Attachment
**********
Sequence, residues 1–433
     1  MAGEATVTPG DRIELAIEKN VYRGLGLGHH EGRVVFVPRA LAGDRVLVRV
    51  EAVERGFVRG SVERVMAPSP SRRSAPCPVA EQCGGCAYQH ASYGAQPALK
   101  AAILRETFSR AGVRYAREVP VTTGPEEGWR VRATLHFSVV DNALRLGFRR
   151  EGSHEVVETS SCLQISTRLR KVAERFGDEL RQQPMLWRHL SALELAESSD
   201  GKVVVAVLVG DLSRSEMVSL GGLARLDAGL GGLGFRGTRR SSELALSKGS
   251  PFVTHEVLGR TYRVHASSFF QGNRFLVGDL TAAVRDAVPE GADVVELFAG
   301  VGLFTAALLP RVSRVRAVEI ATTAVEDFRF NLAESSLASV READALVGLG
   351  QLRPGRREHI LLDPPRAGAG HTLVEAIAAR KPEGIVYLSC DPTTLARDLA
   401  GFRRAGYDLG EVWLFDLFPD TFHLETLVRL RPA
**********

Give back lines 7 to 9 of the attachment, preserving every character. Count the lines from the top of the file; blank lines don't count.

   251  PFVTHEVLGR TYRVHASSFF QGNRFLVGDL TAAVRDAVPE GADVVELFAG
   301  VGLFTAALLP RVSRVRAVEI ATTAVEDFRF NLAESSLASV READALVGLG
   351  QLRPGRREHI LLDPPRAGAG HTLVEAIAAR KPEGIVYLSC DPTTLARDLA